With a length of 90-95 cm and a wingspan of 125 cm the Red-and-green Macaw (Ara chloropterus) is the largest of the macaws in the Ara genus; only the Hyacint Macaw is larger (length: 100 cm) and the Kakapo is heavier. It was first described by the English zoologist George Robert Gray in 1859. It is also known as Green-winged Macaw.
They are very popular as pets and among breeders. They require a very strong cage or aviary as their powerful beak can easily destroy the wire mesh used for smaller species; also the aviary should be at least 10-15 m long to allow for flying. Provide plenty of bird-safe branches and toys to keep them occupied.
They can be very noisy when agitated but usually do not scream for extended periods.
They bond strongly with their mate; a pair will stay together for their whole life.
With proper cage the lifespan is about 60 years.
Overall dark red plumage. The cheeks are bare white skin with rows of tiny red feathers. Back, gump and tail coverts are blue. The tail is dark red with blue tips. Dark blue primaries, middle wing coverts are green. The bill is large and powerful with a horn colored upper mandible with black on the sides; the lower mandible is grey/black. The eyes are yellow.
The female have similar colours but in general have a slightly smaller head.
Juveniles have similar colours as the adults but shorter tail; the lower mandible is grey with white at base; grey eyes.
Size: 90-95 cm
Weight: 1050-1708 g
Some may confuse the Red-and-green Macaw with the Scarlet Macaw as they are both red in general; however the Red-and-green Macaw is larger, has a darker red colour, green middle wing coverts and red stripes in the bare white facial skin - the Scarlet Macaw has yellow middle wing coverts and lacks the red stripes in the bare facial skin.
Its natural habitat covers a large range from eastern Panama south-east of the Andes, to Bolivia, Brazil and Paraguay. It is widespread throughout much of the Amazon basin and locally distributed in Panama, Venezuela and Bolivia.
In the north of its range it is found in rainforest; in the southern and eastern part of their range they are found in more open and drier areas like upland forest, floodplain forest and dry woodlands. It is found up to 1400 m.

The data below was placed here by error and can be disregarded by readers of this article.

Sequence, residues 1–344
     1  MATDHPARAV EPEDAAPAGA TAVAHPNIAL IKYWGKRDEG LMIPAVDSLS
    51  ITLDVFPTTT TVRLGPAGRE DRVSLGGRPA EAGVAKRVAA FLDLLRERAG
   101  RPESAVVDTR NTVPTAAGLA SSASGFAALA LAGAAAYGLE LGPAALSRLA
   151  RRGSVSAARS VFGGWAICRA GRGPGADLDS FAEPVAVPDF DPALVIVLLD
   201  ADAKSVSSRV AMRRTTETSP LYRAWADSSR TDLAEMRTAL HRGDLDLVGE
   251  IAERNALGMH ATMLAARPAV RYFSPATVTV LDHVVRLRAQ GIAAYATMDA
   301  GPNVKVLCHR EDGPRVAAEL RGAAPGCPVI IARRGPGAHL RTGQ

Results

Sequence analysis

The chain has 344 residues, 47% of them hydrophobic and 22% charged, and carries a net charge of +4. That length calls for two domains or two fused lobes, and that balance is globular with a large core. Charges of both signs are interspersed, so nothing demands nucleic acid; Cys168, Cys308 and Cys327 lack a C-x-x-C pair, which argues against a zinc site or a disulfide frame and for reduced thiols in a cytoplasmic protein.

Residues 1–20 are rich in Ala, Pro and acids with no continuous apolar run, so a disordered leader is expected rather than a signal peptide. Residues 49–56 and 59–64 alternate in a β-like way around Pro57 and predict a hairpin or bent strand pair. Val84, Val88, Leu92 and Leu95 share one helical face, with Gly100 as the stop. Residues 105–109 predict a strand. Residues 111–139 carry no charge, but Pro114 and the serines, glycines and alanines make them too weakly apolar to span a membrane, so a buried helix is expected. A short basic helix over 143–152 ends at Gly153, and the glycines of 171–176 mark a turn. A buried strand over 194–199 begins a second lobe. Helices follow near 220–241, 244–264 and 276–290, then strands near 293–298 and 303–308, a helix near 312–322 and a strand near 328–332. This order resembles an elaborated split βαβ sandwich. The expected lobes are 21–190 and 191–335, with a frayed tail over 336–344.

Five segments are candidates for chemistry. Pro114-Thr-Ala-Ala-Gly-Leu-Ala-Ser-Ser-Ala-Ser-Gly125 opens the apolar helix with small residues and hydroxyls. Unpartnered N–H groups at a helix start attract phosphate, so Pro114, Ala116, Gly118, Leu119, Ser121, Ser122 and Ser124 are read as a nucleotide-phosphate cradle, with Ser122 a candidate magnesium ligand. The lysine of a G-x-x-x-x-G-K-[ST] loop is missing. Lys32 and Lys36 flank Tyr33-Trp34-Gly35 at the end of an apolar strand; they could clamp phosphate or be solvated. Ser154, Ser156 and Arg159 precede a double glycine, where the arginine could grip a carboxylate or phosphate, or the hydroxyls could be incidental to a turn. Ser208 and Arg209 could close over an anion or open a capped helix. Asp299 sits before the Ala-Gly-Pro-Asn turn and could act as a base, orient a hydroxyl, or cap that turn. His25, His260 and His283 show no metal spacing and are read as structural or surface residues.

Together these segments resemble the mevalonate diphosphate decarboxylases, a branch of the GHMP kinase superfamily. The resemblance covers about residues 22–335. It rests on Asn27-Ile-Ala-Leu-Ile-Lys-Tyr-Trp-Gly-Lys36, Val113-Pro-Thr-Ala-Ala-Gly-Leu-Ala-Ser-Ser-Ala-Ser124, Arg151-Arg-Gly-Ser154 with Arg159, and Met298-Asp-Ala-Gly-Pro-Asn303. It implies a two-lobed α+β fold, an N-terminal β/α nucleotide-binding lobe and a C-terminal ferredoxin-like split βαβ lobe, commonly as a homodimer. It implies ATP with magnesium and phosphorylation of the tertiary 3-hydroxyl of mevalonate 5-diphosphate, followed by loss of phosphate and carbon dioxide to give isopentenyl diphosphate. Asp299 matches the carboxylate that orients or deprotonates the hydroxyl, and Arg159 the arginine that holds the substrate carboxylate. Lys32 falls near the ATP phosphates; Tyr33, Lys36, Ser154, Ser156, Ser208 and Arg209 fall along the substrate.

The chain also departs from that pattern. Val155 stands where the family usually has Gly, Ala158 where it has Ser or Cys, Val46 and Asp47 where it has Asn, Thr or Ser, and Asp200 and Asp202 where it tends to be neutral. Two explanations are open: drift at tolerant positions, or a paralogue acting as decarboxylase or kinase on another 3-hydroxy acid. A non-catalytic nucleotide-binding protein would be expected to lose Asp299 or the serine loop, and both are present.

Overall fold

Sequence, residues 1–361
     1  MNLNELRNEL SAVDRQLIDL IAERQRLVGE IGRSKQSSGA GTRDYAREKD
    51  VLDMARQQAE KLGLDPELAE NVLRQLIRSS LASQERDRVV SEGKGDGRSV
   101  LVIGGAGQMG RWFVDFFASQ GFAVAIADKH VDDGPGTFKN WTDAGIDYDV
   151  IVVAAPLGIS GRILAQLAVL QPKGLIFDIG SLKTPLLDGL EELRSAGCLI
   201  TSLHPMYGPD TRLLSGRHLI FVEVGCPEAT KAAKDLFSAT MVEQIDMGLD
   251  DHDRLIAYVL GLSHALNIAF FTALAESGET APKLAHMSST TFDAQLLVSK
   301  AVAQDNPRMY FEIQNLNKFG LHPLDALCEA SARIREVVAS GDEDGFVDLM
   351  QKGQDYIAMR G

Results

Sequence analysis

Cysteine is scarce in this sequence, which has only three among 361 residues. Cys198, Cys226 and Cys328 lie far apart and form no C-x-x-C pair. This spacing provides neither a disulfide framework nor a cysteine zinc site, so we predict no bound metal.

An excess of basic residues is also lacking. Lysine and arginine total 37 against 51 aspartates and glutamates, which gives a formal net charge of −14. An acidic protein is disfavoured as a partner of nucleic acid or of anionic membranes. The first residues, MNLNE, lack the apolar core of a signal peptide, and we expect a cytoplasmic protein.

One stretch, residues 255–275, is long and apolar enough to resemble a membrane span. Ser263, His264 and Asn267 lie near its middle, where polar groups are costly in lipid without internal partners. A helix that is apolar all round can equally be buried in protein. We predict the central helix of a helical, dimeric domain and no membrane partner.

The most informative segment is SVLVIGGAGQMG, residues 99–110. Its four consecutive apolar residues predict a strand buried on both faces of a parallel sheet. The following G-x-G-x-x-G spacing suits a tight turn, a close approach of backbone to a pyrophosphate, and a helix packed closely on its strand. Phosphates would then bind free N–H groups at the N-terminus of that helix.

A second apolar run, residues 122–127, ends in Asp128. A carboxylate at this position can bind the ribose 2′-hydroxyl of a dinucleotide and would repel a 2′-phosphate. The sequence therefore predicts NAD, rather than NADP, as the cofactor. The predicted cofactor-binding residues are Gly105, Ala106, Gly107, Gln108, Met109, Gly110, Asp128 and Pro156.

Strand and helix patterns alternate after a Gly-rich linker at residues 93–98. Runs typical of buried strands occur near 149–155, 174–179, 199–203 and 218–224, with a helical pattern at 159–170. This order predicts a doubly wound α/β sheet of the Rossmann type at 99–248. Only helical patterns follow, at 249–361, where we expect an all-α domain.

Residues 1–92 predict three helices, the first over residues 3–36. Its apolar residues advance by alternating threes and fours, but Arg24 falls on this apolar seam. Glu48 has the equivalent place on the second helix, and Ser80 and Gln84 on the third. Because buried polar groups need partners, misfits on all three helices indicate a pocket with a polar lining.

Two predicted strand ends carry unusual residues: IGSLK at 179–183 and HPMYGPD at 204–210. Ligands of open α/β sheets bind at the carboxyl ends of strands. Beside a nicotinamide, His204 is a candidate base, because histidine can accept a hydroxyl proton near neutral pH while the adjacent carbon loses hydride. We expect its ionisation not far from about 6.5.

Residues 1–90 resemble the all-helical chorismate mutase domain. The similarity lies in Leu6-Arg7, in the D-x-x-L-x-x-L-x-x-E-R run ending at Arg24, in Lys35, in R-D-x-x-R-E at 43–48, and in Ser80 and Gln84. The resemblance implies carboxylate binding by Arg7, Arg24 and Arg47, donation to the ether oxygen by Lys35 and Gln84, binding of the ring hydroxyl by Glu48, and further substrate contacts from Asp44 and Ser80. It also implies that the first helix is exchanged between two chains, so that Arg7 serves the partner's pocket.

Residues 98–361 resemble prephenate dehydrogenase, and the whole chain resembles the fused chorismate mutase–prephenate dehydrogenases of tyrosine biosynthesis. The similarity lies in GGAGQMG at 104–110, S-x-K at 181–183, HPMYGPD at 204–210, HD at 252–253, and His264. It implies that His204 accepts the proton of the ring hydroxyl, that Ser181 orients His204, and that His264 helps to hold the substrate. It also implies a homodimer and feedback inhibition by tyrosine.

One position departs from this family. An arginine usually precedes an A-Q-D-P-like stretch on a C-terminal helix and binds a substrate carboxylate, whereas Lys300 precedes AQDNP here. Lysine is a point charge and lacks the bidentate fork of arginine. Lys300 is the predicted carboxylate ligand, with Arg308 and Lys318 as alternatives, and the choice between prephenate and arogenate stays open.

Require large trees with cavities for nesting but have also been reported to use crevices in rock faces for nesting.
They are usually seen in pairs or small flocks of 6-12 individuals. They may however be seen in flocks with up to 100 birds at feeding grounds; sometimes also seen in flocks with other macaws like Scarlet Macaw or Blue-and-yellow Macaw.
The wild diet consist mainly of nuts and fruit, especially Brazil nuts. They may also gnaw at the bark of deciduous trees which provide fibers and vitamins. They will also lick on clay that provide some important minerals.
They feed in the canopy while carefully on lookout for predators.
The Red-and-green Macaw generally mates for life. The nest is made in a hole in a tree. Breeding season is from November to May. If there is plenty of food they may breed a second time.
The nest box should be about 40 x 40 x 125 cm.
The breeding pair should be kept alone in the aviary until the chicks fledges.
The female lays 2-3 eggs that are incubated for about 27-28 days; the chicks fledge from the nest about 90-100 days after hatching.
The first breed of young macaws will often die due to the parents inexperience.
- Order: Psittaciformes
- Family: Psittacidae
- Genus: Ara
- Danish: Mørkerød Ara, Grønvinget Ara
- English: Red-and-green Macaw, Green-winged Macaw
- French: Ara chloroptère
- German: Grünflügelara
- Portuguese: Arara-canga, Arara-piranga, Arara-verde, Arara-vermelha, Arara-vermelha-grande
- Spanish: Guacamaya Rojiverde, Guacamayo Aliverde, Guacamayo Rojo, Papagayo rojo
- Latin: Ara chloroptera
IUCN Red List
The IUCN Red List of Threatened Species.
Version 2018-1. <www.iucnredlist.org>.
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